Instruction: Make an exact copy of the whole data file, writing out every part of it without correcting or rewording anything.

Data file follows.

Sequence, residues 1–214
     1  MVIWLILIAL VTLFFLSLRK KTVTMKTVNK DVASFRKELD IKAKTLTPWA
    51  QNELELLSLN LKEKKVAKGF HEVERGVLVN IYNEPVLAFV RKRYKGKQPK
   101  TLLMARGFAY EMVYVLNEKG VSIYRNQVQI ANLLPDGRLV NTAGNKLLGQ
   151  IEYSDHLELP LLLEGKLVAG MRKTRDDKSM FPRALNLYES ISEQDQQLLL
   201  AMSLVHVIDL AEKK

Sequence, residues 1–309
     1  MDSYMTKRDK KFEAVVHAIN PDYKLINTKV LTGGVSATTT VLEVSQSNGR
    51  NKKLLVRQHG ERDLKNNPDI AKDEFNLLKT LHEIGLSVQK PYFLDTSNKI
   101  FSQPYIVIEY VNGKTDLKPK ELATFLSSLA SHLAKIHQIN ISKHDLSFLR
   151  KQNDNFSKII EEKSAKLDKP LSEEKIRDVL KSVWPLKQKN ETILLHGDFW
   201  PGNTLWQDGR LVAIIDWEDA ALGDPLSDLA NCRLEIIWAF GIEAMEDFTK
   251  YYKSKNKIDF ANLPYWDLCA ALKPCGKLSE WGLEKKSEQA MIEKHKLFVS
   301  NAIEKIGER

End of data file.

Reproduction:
Sequence, residues 1–214
     1  MVIWLILIAL VTLFFLSLRK KTVTMKTVNK DVASFRKELD IKAKTLTPWA
    51  QNELELLSLN LKEKKVAKGF HEVERGVLVN IYNEPVLAFV RKRYKGKQPK
   101  TLLMARGFAY EMVYVLNEKG VSIYRNQVQI ANLLPDGRLV NTAGNKLLGQ
   151  IEYSDHLELP LLLEGKLVAG MRKTRDDKSM FPRALNLYES ISEQDQQLLL
   201  AMSLVHVIDL AEKK

Sequence, residues 1–309
     1  MDSYMTKRDK KFEAVVHAIN PDYKLINTKV LTGGVSATTT VLEVSQSNGR
    51  NKKLLVRQHG ERDLKNNPDI AKDEFNLLKT LHEIGLSVQK PYFLDTSNKI
   101  FSQPYIVIEY VNGKTDLKPK ELATFLSSLA SHLAKIHQIN ISKHDLSFLR
   151  KQNDNFSKII EEKSAKLDKP LSEEKIRDVL KSVWPLKQKN ETILLHGDFW
   201  PGNTLWQDGR LVAIIDWEDA ALGDPLSDLA NCRLEIIWAF GIEAMEDFTK
   251  YYKSKNKIDF ANLPYWDLCA ALKPCGKLSE WGLEKKSEQA MIEKHKLFVS
   301  NAIEKIGER